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impotence

[im-puh-tuh ns] /ˈɪm pə təns/
noun
1.
the condition or quality of being impotent; weakness.
2.
chronic inability to attain or sustain an erection for the performance of a sexual act.
3.
sterility, especially in the male.
4.
Obsolete. lack of self-restraint.
Also, impotency, impotentness.
Origin of impotence
1375-1425
1375-1425; late Middle English, variant (see -ence) of impotencie < Latin impotentia want of self-control, weakness. See im-2, potency
Can be confused
impetus, impotence, sterility.
importance, impotence (see synonym study at importance)
impotence, sterility, sterilized.
Dictionary.com Unabridged
Based on the Random House Dictionary, © Random House, Inc. 2017.
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Examples from the Web for impotency
Historical Examples
  • Slavery left its blight of impotency and profligacy upon them.

  • Sacred as they were they still mocked him with their impotency to stay the hand of death.

    Omega, the Man Lowell Howard Morrow
  • It would only show its impotency, or, what is more, its own corruption.

    Public School Education Michael Mller
  • So we are powerless, and by this impotency we are smitten with grief.'

    The Gtakaml rya Sra
  • The foregoing measures for sterility are also suitable in cases of impotency.

    Fruits of Philosophy Charles Knowlton
  • As to the remedies for impotency, they are much the same as for sterility.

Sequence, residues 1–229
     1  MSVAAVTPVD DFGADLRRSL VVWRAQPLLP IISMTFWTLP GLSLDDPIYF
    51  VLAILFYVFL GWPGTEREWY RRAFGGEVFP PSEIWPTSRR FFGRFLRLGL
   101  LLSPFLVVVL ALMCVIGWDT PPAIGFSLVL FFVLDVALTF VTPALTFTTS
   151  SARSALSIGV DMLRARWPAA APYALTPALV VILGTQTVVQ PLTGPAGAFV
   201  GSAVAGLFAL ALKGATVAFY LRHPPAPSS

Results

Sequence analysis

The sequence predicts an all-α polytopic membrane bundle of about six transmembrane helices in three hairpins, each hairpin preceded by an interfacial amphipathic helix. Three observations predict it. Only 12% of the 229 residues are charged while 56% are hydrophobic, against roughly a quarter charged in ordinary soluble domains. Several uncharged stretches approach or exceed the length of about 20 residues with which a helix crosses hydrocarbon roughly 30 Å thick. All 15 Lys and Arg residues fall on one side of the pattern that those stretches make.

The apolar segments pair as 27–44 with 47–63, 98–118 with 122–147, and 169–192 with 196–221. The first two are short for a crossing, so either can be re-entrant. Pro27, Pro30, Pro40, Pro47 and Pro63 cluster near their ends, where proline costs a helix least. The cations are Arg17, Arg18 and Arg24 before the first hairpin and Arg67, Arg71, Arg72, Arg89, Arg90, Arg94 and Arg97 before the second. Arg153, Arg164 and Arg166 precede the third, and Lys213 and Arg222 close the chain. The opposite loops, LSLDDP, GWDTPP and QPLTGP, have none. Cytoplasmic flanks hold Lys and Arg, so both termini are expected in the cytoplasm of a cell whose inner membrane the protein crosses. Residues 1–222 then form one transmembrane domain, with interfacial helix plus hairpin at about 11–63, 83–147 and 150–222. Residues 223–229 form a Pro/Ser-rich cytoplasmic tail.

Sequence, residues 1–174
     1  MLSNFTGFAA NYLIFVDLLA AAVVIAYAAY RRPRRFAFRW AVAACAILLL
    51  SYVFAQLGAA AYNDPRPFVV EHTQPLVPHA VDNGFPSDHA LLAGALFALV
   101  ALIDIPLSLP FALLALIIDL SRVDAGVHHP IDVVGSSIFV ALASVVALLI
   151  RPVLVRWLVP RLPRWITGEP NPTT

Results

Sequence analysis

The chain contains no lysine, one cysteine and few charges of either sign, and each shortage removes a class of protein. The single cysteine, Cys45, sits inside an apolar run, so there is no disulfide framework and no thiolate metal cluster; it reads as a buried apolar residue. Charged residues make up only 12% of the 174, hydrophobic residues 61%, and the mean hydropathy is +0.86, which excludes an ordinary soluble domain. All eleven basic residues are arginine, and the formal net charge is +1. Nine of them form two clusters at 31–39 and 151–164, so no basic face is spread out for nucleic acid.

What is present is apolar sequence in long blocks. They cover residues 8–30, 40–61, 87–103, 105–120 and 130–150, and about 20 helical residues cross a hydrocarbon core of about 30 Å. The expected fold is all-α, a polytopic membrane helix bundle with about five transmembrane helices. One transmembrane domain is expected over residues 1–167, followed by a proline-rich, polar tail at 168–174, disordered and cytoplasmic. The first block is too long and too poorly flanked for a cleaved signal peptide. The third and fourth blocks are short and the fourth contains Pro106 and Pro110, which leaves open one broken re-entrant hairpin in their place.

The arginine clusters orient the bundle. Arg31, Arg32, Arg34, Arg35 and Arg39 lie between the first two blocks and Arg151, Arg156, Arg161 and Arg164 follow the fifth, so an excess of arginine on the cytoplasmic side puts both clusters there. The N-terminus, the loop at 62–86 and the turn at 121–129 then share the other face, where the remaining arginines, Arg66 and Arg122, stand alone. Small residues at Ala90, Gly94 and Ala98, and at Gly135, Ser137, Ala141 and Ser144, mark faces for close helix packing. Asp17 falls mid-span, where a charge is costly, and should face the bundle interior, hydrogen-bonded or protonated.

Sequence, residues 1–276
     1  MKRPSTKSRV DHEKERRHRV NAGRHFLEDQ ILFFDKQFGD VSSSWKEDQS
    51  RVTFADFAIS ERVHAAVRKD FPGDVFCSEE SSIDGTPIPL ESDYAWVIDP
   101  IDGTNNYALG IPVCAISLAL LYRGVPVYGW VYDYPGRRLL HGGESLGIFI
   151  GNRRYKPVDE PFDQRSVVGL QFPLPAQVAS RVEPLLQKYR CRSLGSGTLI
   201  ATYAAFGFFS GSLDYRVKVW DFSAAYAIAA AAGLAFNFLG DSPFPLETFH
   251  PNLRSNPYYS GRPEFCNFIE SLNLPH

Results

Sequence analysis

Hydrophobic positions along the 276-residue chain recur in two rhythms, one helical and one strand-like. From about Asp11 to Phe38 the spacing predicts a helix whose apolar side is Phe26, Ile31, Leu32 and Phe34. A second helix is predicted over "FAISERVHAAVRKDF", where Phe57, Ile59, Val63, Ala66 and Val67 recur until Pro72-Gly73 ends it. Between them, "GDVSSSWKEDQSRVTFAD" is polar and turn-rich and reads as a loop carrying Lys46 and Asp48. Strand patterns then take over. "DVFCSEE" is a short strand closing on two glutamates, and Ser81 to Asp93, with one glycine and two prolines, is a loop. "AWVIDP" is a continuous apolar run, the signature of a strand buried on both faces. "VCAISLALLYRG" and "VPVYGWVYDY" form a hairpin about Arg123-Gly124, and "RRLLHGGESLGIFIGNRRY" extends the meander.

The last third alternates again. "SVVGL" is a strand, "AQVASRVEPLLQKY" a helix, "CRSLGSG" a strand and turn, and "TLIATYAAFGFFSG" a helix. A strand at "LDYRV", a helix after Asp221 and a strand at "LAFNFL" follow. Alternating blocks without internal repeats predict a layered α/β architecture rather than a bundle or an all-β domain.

Fruits of Philosophy Charles Knowlton
  • Its synonym was impotency among the law-abiders who were yet political cowards.

  • The crudeness and impotency of the song in our ears has nothing to do with the argument.

    Village Life in China Arthur H. Smith
  • Death or impotency can be produced by placing poison on his Page 304garments.

    The Tinguian Fay-Cooper Cole
  • Seventh, The impotency and limitations of the world order are most evident.

    Satan

    Lewis Sperry Chafer
Word Origin and History for impotency

impotence

n.

early 15c., "physical weakness," also "poverty," from Middle French impotence "weakness," from Latin impotentia "lack of control or power," from impotentem (nominative impotens); see impotent. In reference to a want of (male) sexual potency, from c.1500. The figurative senses of the word in Latin were "violence, fury, unbridled passion." Related: Impotency.

Online Etymology Dictionary, © 2010 Douglas Harper
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impotency in Medicine

impotence im·po·tence (ĭm'pə-təns) or im·po·ten·cy (-tən-sē)
n.
The quality or condition of being impotent.

The American Heritage® Stedman's Medical Dictionary
Copyright © 2002, 2001, 1995 by Houghton Mifflin Company. Published by Houghton Mifflin Company.
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